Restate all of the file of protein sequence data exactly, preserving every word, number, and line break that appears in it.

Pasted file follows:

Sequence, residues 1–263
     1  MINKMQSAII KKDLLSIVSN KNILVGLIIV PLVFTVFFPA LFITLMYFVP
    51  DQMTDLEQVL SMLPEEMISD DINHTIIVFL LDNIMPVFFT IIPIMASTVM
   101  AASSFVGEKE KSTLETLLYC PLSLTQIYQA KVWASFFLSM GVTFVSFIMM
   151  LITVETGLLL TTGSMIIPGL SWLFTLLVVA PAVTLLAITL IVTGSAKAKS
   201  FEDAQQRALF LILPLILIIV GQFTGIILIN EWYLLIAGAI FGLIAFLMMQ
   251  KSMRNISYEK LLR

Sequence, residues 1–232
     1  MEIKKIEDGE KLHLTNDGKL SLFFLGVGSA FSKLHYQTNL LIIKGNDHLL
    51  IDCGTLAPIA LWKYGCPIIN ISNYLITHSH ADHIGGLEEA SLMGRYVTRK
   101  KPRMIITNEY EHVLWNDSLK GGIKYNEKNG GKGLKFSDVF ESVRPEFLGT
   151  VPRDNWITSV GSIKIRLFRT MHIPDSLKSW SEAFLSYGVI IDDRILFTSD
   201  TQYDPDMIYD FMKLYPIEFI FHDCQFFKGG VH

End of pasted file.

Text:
Sequence, residues 1–263
     1  MINKMQSAII KKDLLSIVSN KNILVGLIIV PLVFTVFFPA LFITLMYFVP
    51  DQMTDLEQVL SMLPEEMISD DINHTIIVFL LDNIMPVFFT IIPIMASTVM
   101  AASSFVGEKE KSTLETLLYC PLSLTQIYQA KVWASFFLSM GVTFVSFIMM
   151  LITVETGLLL TTGSMIIPGL SWLFTLLVVA PAVTLLAITL IVTGSAKAKS
   201  FEDAQQRALF LILPLILIIV GQFTGIILIN EWYLLIAGAI FGLIAFLMMQ
   251  KSMRNISYEK LLR

Sequence, residues 1–232
     1  MEIKKIEDGE KLHLTNDGKL SLFFLGVGSA FSKLHYQTNL LIIKGNDHLL
    51  IDCGTLAPIA LWKYGCPIIN ISNYLITHSH ADHIGGLEEA SLMGRYVTRK
   101  KPRMIITNEY EHVLWNDSLK GGIKYNEKNG GKGLKFSDVF ESVRPEFLGT
   151  VPRDNWITSV GSIKIRLFRT MHIPDSLKSW SEAFLSYGVI IDDRILFTSD
   201  TQYDPDMIYD FMKLYPIEFI FHDCQFFKGG VH